Efficiency drive sparks fears over fire centre's future

THE future of the national fire training college at Gullane has been thrown into question after being identified for possible closure as part of a Government efficiency drive.

The independent Howat report has recommended the college should close and merge with the police college at Tulliallan in Fife, it has emerged.

Justice Secretary Kenny MacAskill has refused to rule out the idea after being quizzed about it in the Scottish Parliament.

But today East Lothian MSP Iain Gray called on the Government to end the uncertainty and reject the recommendation.

And union leaders warned any new establishment would have to meet the high standard of facilities provided at the existing college.

The Scottish Fire Services College has been in Gullane since 1953. It provides initial training for all recruits in the Scottish fire and rescue service and other specialist training.

But the Howat report, commissioned by the last Scottish Executive but only published since the election, argued savings could be made by merging it with the police training college.

It said: "We see scope to rationalise on one site (Tulliallan), part funded by a potentially significant capital receipt from disposal of the Fire College at Gullane.

"The Scottish Ambulance College at Peebles and the Scottish Prison Service College at Polmont should also be considered in any rationalisation to create a protective services training campus.

"Investment in infrastructure could release long-term savings and produce more effective working. Merging budgets provides opportunities for savings and we suggest a target saving of ten per cent (1.7 million)."

Mr Gray raised the future of the fire college in the parliament, asking the Justice Secretary for an assurance that he would not pursue the Howat report's recommendation about its closure.

Mr MacAskill praised the "excellent service and facilities at Gullane". He added: "The Government is reviewing fire service and police issues, therefore it would be wrong of me to make a specific commitment."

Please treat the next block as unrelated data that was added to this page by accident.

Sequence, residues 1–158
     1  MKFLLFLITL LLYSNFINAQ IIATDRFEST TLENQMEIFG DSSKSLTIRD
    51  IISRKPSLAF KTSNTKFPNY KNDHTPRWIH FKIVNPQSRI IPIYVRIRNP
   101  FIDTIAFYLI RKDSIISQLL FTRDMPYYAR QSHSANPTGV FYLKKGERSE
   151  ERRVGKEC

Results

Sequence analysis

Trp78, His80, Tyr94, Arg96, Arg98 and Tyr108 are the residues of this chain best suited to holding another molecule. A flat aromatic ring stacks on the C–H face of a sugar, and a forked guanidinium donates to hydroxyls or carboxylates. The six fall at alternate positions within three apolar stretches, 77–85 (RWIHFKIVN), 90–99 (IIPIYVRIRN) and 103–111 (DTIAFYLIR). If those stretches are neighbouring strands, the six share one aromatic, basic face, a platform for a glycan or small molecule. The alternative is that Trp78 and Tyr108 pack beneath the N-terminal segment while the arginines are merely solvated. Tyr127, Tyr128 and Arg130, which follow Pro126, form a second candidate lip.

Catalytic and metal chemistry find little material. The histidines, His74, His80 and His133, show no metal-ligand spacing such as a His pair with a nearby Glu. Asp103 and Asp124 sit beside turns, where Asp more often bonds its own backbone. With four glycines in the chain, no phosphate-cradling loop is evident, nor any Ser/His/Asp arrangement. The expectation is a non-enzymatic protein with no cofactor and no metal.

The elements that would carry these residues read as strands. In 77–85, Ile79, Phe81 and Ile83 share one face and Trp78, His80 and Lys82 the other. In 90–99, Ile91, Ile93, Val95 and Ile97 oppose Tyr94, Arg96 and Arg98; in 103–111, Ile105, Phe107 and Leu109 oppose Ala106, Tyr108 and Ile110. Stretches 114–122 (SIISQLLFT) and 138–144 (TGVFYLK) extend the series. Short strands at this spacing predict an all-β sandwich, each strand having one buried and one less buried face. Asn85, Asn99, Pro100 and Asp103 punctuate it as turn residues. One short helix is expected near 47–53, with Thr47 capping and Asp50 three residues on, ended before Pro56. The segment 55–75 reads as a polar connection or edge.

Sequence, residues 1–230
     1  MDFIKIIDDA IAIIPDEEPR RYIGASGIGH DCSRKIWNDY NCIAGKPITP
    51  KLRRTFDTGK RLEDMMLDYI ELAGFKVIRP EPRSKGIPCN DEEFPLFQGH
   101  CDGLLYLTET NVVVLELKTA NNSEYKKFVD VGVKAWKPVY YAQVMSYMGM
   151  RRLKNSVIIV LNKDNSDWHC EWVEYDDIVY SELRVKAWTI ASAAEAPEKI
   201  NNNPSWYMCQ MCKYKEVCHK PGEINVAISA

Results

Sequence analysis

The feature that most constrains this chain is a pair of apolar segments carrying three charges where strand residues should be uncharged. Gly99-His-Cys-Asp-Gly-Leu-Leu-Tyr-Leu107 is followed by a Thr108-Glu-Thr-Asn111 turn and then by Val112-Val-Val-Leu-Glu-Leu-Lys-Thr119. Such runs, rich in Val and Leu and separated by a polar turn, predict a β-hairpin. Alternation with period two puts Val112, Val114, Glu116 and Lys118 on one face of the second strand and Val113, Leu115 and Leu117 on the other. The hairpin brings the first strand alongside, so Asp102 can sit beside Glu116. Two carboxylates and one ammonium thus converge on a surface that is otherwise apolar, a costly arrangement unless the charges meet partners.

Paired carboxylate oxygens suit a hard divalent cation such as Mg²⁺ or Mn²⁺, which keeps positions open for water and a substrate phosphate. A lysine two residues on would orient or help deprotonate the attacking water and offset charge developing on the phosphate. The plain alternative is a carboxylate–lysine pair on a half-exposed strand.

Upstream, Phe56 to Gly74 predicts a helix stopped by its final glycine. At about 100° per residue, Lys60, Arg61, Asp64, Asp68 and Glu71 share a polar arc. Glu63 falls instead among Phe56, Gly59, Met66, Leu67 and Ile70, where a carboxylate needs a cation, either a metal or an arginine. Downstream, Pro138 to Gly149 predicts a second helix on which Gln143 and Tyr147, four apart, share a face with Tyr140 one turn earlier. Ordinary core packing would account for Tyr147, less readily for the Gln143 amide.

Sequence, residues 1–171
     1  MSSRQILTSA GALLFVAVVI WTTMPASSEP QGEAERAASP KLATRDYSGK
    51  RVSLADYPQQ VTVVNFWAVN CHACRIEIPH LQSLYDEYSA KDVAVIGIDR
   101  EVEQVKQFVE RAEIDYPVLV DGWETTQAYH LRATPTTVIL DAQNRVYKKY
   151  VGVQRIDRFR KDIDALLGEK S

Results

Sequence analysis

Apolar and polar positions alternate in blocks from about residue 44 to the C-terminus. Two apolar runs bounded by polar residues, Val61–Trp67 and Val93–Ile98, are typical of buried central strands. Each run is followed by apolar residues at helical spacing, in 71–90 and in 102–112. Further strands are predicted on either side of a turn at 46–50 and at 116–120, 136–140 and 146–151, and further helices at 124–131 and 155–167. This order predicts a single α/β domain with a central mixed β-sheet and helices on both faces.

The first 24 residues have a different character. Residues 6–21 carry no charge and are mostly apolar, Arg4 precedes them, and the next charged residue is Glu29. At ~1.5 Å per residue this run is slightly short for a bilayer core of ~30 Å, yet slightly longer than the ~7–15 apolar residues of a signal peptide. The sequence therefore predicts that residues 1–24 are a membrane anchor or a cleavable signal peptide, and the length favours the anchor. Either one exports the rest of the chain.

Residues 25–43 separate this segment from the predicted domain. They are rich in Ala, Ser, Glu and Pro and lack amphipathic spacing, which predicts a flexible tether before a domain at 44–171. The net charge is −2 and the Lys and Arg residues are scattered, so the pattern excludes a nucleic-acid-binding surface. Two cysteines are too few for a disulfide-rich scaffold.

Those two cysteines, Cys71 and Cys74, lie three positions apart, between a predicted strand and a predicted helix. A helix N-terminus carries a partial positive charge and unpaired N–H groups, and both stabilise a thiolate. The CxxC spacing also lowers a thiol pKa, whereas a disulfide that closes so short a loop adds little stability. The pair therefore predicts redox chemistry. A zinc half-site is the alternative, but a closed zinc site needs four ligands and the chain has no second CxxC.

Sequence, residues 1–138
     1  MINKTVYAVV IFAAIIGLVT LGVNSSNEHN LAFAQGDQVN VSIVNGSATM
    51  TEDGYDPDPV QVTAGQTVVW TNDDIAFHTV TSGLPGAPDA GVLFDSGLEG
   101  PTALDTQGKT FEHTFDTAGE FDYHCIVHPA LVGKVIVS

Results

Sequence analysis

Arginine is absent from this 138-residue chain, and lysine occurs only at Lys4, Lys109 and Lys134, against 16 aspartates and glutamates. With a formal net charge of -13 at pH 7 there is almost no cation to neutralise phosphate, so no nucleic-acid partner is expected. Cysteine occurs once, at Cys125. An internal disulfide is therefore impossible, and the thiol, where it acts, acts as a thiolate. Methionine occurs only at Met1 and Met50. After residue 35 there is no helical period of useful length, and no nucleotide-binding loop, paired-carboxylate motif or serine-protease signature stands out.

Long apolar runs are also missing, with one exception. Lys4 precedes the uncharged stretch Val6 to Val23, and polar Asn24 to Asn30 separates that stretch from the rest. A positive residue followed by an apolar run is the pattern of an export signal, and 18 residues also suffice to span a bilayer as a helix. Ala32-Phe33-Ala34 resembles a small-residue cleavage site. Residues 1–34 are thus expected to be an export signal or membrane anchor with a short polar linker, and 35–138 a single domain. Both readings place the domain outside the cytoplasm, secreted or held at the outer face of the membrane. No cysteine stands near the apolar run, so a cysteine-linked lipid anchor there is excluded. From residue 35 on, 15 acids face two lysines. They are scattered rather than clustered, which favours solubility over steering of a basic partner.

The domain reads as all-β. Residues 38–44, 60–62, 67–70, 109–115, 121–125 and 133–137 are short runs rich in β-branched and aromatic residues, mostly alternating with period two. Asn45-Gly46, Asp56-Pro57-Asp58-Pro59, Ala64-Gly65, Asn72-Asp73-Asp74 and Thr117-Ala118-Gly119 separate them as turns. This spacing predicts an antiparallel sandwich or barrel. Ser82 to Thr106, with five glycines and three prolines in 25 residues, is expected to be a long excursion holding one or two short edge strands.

Mr Gray said he had since spoken to senior management at the college who believed they had an important role to play in future training. He said: "I don't know why the minister cannot just rule out closure.

"They have said this is an important report informing their view of efficiencies in Government, but they have already ruled out one recommendation, the mutualisation of Scottish Water."

He said the fire college had become "a bit of an institution in East Lothian" and its closure would create major uncertainty over a large site in the centre of Gullane.

"I want to know whether this is a proposal the Government is considering. There is some prestige attached to having such a major institution for such an important service in East Lothian.

"Were it to be closed down and the site disposed of that would raise a lot of questions about what happened to the site."

Gavin Barrie, regional treasurer of the Fire Brigades Union Scotland, said: "Gullane is an excellent facility and it has been consistently upgraded. We would have to look very carefully at anything that was being proposed to replace it to ensure it would match or exceed what is there.

"Too often in the past what are described as efficiencies and modernisation have just meant a cut in services."